Tidal marshes are complex ecosystems where tidal currents, sediments and vegetation closely interact to shape fascinating landscapes and provide valuable ecosystem services, such as protection of coastal settlements against storm impacts, nursery grounds for fishes or carbon sequestration.
Aerial picture: Het Verdronken Land van Saeftinghe, along the Western Scheldt in the southwest Netherlands (source: www.saeftinghe.eu).
Predicting the evolution of tidal marshes requires complex numerical methods to couple hydrodynamics, morphodynamics and vegetation dynamics, which all operate at very different temporal (hours to decades) and spatial scales (meters to kilometers).
In this project, we have developed a novel approach to predict the evolution of Hedwige and Prosper polders, an agricultural area of 465 ha along the Western Scheldt, at the Belgian/Dutch border, which will be restored into estuarine nature in the coming years (more information).
Short video summarizing our results (in Dutch) here.
Animation: one of our predictions for the evolution of Hedwige and Prosper polders, after de-embankment.
C. Schwarz, O. Gourgue, J. van Belzen, Z. Zhu, T.J. Bouma, J. Van de Koppel, G. Ruessink, N. Claude and S. Temmerman. Self-organization of a biogeomorphic landscape controlled by plant life-history traits. Nature Geoscience, 11:672-677, 2018.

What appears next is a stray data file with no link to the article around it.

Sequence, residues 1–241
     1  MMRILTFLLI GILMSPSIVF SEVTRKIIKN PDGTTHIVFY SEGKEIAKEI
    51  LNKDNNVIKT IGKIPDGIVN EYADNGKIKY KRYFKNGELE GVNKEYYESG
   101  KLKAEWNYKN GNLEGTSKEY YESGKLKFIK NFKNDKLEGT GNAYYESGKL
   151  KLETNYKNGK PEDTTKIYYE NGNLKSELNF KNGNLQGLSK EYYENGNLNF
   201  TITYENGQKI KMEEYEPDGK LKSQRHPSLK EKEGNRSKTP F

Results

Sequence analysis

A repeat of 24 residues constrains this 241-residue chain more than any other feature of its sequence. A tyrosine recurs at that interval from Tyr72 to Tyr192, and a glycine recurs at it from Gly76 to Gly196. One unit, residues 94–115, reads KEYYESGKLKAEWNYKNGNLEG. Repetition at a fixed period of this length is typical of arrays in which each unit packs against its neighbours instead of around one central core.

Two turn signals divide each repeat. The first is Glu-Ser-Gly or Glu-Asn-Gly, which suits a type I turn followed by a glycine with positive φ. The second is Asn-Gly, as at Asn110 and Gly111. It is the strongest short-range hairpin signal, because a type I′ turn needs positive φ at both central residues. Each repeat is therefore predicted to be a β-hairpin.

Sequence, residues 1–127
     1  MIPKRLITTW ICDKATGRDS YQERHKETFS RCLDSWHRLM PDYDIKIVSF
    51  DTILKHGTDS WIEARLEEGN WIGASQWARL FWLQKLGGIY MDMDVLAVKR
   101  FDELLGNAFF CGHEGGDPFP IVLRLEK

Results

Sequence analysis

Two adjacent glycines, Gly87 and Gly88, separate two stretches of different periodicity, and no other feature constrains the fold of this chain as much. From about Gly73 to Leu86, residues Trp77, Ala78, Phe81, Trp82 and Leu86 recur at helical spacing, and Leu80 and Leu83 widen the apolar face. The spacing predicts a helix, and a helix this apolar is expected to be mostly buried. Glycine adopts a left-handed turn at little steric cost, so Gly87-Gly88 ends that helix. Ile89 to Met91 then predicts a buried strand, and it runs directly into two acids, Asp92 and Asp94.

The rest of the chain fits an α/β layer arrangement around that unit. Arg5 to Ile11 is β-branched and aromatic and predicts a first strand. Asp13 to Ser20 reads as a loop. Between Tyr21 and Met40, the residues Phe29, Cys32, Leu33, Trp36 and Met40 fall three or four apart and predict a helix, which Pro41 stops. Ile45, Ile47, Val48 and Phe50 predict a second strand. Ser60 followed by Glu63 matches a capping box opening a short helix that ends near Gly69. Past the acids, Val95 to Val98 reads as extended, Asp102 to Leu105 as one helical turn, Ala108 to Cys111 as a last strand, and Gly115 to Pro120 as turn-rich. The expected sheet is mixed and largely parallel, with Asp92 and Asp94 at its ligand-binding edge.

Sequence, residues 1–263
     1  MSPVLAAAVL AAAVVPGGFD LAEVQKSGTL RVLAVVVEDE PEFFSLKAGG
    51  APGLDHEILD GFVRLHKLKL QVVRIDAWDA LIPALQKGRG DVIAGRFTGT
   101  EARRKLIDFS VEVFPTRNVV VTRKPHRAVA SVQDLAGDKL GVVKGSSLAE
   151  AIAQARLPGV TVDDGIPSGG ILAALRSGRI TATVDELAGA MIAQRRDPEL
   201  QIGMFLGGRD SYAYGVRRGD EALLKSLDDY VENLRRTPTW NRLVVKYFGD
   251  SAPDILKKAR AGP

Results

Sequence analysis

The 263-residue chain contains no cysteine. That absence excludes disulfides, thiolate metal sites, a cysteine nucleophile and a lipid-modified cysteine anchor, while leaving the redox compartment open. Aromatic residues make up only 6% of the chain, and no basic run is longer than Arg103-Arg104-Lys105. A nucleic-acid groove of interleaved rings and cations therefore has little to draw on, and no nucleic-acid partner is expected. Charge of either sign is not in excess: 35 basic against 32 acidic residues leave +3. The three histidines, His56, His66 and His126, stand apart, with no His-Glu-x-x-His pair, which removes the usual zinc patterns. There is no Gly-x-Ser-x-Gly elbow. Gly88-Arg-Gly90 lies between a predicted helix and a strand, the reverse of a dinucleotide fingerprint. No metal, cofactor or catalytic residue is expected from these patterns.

O. Gourgue, J. van Belzen, C. Schwarz, T.J. Bouma, J. van de Koppel, S. Temmerman. A convolution method to assess subgrid-scale interactions between flow and patchy vegetation in biogeomorphic models. Journal of Advances in Modeling Earth Systems, accepted for publication.
And more to come…
In collaboration with
Stijn Temmerman (University of Antwerp, Belgium)
Johan van de Koppel (Royal Netherlands Institute for Sea Research)
Jim van Belzen (Royal Netherlands Institute for Sea Research & University of Antwerp)
Christian Schwarz (now at University of Delaware, DE, USA)